UNITED NATIONS — Russia's U.N. ambassador warned Monday that a British-led attempt to beef up the global chemical weapons watchdog, including giving it the job of determining blame for chemical attacks, is "dangerous" and could hurt peace efforts in Syria.
Vassily Nebenzia told The Associated Press he hopes supporters of the effort will realize they are undermining The Hague, Netherlands-based watchdog, the Organization for the Prohibition of Chemical Weapons, as well as encroaching on the "province of the Security Council."
Nebenzia, who is president of the Security Council this month, said he raised the issue in closed consultations Monday and planned to do so again because there was interest in continuing the discussion.
The watchdog's Executive Council announced last week that a special session of the 192 parties to the Chemical Weapons Convention will take place June 26-27 following a request by more than the required 64 state parties.
British Foreign Minister Boris Johnson announced the move to convene a special session last month, saying it was "in response to shocking recent chemical attacks," including those in the English city of Salisbury, in Syria's civil war, and by the Islamic State group in Iraq. Britain has accused Russia of using a nerve agent in the attempted assassination in March in Salisbury of former spy Sergei Skripal, which Moscow denies.
The OPCW currently has a mandate to carry out investigations to determine only if chemical weapons have been used — but not to determine responsibility.
The Security Council established a joint U.N.-OPCW investigative team to determine responsibility for chemical attacks in Syria. But Russia vetoed a Western-backed resolution in November that would have renewed the joint team's mandate and efforts since them to replace it have failed, making accountability exceedingly difficult.
The joint team accused Syria of using chlorine gas in at least two attacks in 2014 and 2015 and the nerve agent sarin in an aerial attack on Khan Sheikhoun in April 2017 that killed about 100 people and affected about 200 others. The latter attack led to a U.S. airstrike on a Syrian airfield.
The team also accused the Islamic State extremist group of using mustard gas twice in 2015 and 2016.
Nebenzia was sharply critical of the team's investigative methods at the time and said it "became a puppet in the hands of anti-Damascus forces."
OPCW Director General Ahmet Uzumcu has indicated support for having his agency determine responsibility for chemical attacks. He was quoted as telling London's Chatham House think tank last month: "Today there might be good reasons actually to clarify the role of the OPCW itself in terms of attribution once it has the necessary information at its disposal. Willful defiance of a valued norm should not be allowed to go unchallenged."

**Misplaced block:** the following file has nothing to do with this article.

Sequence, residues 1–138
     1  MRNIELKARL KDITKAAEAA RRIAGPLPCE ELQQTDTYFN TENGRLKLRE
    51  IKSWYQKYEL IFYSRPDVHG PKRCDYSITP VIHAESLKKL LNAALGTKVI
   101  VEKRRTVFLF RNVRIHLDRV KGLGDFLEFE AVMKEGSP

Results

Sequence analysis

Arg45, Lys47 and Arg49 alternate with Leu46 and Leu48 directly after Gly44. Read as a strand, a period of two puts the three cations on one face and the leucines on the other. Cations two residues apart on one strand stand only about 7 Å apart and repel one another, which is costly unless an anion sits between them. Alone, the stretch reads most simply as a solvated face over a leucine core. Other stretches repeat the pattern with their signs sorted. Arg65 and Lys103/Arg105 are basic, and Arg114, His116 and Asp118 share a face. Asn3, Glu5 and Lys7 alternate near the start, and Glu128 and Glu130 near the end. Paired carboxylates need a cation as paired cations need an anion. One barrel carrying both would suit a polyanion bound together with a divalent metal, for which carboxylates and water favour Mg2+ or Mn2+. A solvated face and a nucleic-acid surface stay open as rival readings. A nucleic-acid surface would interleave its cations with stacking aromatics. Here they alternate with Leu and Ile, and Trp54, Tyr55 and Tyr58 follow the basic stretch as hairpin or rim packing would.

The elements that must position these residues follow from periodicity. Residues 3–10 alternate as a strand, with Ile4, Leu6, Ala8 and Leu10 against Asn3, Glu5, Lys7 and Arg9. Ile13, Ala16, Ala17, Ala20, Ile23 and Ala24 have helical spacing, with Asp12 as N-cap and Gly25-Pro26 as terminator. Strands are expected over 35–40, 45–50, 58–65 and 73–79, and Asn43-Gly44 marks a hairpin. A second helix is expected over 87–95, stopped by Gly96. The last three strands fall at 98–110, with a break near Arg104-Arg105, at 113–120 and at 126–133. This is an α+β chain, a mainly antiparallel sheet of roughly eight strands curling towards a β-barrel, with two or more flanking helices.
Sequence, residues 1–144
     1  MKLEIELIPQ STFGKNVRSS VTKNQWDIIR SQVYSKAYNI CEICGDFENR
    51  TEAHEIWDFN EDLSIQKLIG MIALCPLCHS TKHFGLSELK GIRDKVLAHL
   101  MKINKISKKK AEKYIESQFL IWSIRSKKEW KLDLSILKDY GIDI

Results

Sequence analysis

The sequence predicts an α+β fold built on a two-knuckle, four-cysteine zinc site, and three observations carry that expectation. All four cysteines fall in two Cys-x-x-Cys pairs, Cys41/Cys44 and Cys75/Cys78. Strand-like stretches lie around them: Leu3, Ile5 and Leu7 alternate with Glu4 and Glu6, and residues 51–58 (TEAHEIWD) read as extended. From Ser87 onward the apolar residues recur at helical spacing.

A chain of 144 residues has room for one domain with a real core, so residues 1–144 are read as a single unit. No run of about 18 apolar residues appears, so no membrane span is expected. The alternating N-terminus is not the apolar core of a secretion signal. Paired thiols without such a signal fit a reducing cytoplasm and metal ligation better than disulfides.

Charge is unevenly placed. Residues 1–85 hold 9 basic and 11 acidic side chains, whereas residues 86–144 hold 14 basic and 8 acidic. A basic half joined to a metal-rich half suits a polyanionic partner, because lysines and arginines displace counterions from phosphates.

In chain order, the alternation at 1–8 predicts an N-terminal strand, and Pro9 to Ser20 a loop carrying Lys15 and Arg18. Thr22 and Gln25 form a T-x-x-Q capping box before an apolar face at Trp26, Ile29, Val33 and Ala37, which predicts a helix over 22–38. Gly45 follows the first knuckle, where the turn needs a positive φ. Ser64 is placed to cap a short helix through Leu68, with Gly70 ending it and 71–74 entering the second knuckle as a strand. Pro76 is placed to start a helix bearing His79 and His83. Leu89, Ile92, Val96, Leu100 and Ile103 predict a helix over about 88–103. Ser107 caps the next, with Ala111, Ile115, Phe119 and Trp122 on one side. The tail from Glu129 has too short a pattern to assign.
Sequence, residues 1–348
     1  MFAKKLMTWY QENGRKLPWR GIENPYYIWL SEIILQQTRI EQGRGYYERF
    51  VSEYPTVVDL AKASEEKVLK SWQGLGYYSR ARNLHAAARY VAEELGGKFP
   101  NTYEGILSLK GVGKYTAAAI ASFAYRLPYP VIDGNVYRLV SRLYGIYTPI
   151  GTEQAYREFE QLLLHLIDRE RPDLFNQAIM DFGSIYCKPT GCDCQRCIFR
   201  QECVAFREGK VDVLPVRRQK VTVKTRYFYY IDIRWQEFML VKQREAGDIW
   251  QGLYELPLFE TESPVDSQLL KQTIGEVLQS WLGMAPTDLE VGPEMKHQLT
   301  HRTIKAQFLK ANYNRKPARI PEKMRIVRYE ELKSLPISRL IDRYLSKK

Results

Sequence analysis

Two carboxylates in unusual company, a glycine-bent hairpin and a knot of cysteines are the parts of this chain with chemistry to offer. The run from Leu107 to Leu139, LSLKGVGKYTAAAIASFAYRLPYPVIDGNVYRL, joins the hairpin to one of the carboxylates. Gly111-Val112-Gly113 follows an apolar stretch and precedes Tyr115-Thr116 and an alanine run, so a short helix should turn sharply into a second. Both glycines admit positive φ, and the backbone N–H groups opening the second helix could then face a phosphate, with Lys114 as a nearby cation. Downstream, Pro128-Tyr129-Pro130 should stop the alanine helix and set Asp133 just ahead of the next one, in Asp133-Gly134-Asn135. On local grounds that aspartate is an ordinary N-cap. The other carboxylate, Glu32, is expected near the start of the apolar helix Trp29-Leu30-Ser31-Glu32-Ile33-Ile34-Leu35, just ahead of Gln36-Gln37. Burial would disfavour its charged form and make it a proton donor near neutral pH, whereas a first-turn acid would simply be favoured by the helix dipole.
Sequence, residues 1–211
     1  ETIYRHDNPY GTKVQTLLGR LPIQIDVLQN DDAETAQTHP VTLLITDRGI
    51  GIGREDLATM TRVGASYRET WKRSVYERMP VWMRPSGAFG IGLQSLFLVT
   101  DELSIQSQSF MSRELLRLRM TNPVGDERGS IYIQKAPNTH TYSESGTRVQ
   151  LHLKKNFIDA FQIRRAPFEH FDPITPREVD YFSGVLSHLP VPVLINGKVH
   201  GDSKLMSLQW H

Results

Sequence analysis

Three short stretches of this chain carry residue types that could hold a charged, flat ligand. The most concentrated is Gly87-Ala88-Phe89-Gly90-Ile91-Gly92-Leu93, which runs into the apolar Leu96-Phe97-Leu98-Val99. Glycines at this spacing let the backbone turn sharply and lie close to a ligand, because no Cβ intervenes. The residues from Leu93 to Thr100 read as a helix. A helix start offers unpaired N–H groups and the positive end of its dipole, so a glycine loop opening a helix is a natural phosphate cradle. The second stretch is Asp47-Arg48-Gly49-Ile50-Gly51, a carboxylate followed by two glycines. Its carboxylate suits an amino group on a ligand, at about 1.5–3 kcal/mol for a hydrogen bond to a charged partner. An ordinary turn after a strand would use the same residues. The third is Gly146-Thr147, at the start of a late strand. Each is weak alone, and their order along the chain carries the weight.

Nebenzia on Monday adamantly opposed any OPCW action at the special session.
"This is a very dangerous development — institutional and political — and that may seriously affect the Syrian political process if they succeed in their plans," he warned.
"This is wrong because the only body that can authorize attribution is the Security Council — not the OPCW as an organization nor the Chemical Weapons Convention provide for this," the ambassador told the AP. "So that means we have to reopen the Chemical Weapons convention at least, and secondly this is not an organization that is entrusted or equipped to do attribution."
A council diplomat, who agreed to discuss what was said in the private council session only if not quoted by name, said the United States responded that it was ironic Russia raised the issue since it blocked all attempts by the Security Council to establish an attribution mechanism in Syria.
U.N. special envoy Staffan de Mistura is currently trying to revive negotiations to end the Syrian conflict, now in its eighth year. In recent weeks, the Syrian government and its allies have made considerable military gains, including bringing the entire capital and its suburbs under full government control for the first time since the war began in 2011.